That's a misleading poster. Perhaps even a misleading title. But it's symbolic, yo.
Tyrannosaur is both a depressing and uplifting movie. It certainly is interesting. Peter Mullan stars as Joseph, a man with quite a temper. After losing it a few times and later regretting acting like a dick, he finds refuge in a charity shop and the woman who works there, Hannah (Olivia Colman). She is unflinchingly nice and godly to Joseph, which at first he can't stand, but eventually he warms to her offer of friendship, in hopes that he can become a better person. Trouble is Hannah has troubles of her own in the form of her abusive husband, and as the two develop their relationship they reveal and learn to confront their true natures.
On the surface, this is a movie about a bunch of dicks. They shout, swear, threaten each other, and generally just behave like the scum of society. But really Tyrannosaur is a study on the human condition. Joseph is a man who has behaved badly in the past, regrets it greatly and wishes to overcome it, despite all the things that threaten to send him into a violent temper. Hannah is a woman who is forced to reevaluate her life in order to escape a potentially fatal situation in a dangerous relationship. Both have to learn to deal with rage in their own ways, and it becomes clear that things aren't always so black and white.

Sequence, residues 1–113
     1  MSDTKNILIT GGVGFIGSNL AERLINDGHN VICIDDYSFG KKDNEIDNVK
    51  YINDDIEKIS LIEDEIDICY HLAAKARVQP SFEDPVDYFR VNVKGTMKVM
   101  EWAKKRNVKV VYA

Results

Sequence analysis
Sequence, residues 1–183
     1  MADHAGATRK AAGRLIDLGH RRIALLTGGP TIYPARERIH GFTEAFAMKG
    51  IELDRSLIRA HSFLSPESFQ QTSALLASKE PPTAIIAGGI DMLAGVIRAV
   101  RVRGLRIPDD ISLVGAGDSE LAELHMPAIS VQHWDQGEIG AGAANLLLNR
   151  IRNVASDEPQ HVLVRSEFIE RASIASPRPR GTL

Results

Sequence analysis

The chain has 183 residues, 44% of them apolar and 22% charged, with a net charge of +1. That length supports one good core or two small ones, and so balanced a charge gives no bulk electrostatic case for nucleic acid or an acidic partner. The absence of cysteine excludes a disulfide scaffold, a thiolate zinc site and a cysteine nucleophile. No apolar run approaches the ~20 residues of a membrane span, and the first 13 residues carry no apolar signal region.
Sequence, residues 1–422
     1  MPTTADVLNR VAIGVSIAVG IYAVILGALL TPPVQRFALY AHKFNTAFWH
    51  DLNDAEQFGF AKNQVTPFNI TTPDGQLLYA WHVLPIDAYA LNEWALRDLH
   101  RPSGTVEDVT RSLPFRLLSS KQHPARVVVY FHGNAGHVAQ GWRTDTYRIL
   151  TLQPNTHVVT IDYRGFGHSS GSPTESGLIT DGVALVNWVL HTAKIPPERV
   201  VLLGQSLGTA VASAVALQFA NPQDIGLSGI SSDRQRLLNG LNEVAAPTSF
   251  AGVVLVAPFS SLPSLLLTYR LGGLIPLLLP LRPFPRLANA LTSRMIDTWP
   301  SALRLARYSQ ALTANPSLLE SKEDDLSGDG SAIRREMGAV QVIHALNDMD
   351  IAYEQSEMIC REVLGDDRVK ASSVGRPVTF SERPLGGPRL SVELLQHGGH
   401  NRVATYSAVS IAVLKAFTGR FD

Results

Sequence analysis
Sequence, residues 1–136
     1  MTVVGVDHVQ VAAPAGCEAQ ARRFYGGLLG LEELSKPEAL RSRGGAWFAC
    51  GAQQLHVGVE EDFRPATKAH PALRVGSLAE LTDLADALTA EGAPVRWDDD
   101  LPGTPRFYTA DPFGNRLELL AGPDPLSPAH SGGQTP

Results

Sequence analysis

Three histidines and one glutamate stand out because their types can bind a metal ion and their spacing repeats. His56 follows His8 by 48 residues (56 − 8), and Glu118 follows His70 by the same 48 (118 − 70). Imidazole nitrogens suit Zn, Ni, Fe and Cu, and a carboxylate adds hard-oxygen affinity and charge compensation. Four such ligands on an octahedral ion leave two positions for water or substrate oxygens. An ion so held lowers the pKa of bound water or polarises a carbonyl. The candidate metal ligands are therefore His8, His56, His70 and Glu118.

Mullan and Colman are wonderful in their roles. I can't fault them. Joseph's violent streaks are almost scary, but still I really grew to like his character based on his quiet, reflective moments. I've only ever seen Olivia Colman in comedic roles, but she handles Hannah's character very nicely, from the saccharine Christian temperament to the point where she begins to fight back.
While Tyrannosaur does drag in some places, it's reasonably well paced, and it's certainly a very emotional, thought provoking movie. If you like your hard hitting dramas, this one's for you.
My rating: 4/5
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